These are examples of what has to be done. There are other things an editor does which are only suggestions. To my mind no editor should rewrite the author’s prose – unless it is grammatically incorrect. Make a suggestion and the reason for the change – clarity, for instance – yes, but not rewrite. And any rewriting should be done using track changes so the author can see what has been done.

I have said I love my job, and I do, but some mss make my heart sink. There have been mss which have been so boring I could only manage to concentrate on them for an hour at a time – and the particular ms I am thinking of was not written by an RNA member, so don’t think it was by you! I find RNA members generally have a good idea of how to structure an ms, to give it tension, and write believable characters. This one didn’t. The author had told me that it didn’t need a line edit because all the research had been done. The author was wrong. If you possibly can pay for both a line edit and a copy edit do so – friends may have read it, even other authors, but an editor is reading with a different cap on, and it is amazing what she will discover no one else has picked up. Oh, and a hard and fast rule is that you can’t edit your own work. You know what you have written and that is what you see on the page. When I was working for a legal firm, I once asked a solicitor what he had written, because it didn’t make sense. He read out to me what he had intended to write!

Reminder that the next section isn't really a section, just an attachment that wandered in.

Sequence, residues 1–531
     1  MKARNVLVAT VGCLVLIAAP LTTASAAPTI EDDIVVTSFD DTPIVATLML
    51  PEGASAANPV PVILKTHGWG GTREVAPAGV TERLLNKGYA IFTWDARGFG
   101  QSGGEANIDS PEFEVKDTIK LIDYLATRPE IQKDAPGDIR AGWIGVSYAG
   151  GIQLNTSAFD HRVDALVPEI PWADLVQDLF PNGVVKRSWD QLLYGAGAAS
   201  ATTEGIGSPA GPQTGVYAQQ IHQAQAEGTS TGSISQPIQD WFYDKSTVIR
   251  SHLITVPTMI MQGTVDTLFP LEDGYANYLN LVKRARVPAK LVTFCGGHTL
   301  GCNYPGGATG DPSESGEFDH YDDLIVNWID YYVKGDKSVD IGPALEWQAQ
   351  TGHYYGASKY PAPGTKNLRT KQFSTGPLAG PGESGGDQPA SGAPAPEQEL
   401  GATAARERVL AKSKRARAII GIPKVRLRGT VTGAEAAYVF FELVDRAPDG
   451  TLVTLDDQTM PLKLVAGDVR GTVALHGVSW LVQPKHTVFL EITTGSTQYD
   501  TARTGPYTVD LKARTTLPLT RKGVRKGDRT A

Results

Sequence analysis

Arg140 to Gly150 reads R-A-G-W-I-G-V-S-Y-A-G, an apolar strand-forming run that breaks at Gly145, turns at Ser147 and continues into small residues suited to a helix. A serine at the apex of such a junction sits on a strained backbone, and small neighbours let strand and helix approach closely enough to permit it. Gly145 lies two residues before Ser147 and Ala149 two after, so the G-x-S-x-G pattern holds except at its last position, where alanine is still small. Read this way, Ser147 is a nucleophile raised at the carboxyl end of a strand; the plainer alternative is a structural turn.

There are lots of other editing rules but, in the end, it is the editor who has to know them, not the author. Just write the best novel you can, and let the editor worry about the rest!

Biography:

I have been an editor for 40 years. I started in academic publishing, moved to general and eventually become head of editorial at Mills & Boon. Since leaving M&B to write a feminist analysis of M&B romances, which was published in 1999, I have freelanced for private clients and publishers, most recently, M&B, Choc Lit and Accent Press.

I'd love to talk to you about your manuscript and any problems you may have, so do come and say hello!
Contact me at: jaysd@f2s.com

“Thorough, excellent, in tune with her clients needs, jay is a highly recommended and experienced editor.”
Carol McGrath, bestselling author of The Handfasted Wife

‘I feel very fortunate that I discovered jay, who has edited several of my manuscripts. The fact that I returned to jay on more than one occasion testifies to her perceptiveness and to the thoroughness of her editing, both substantive and copy-editing, and I’m very grateful to her for helping my novels along the road to publication.”
Liz Harris, bestselling author of The Road Back 

Thank you for your interesting words, jay. 

If you would like to write for the RNA blog please contact us on elaineeverest@aol.com

4 comments:

Chris Stovell said...

A very useful reminder of why a good editor is your best friend! I'm hugely grateful to jay who got me through my difficult second novel and made it a much better book.

Elaine Everest said...

Thank you for a most interesting piece, jay.

Liz Harris said...

A very interesting article, jay and Elaine. A writer can never be reminded of these points often enough in my opinion.

Jane Lovering said...

Interesting (and timely) reminder of some things to watch out for!

I will forever be grateful to jay for editing Please Don't Stop the Music - where timelines were a huge problem for me...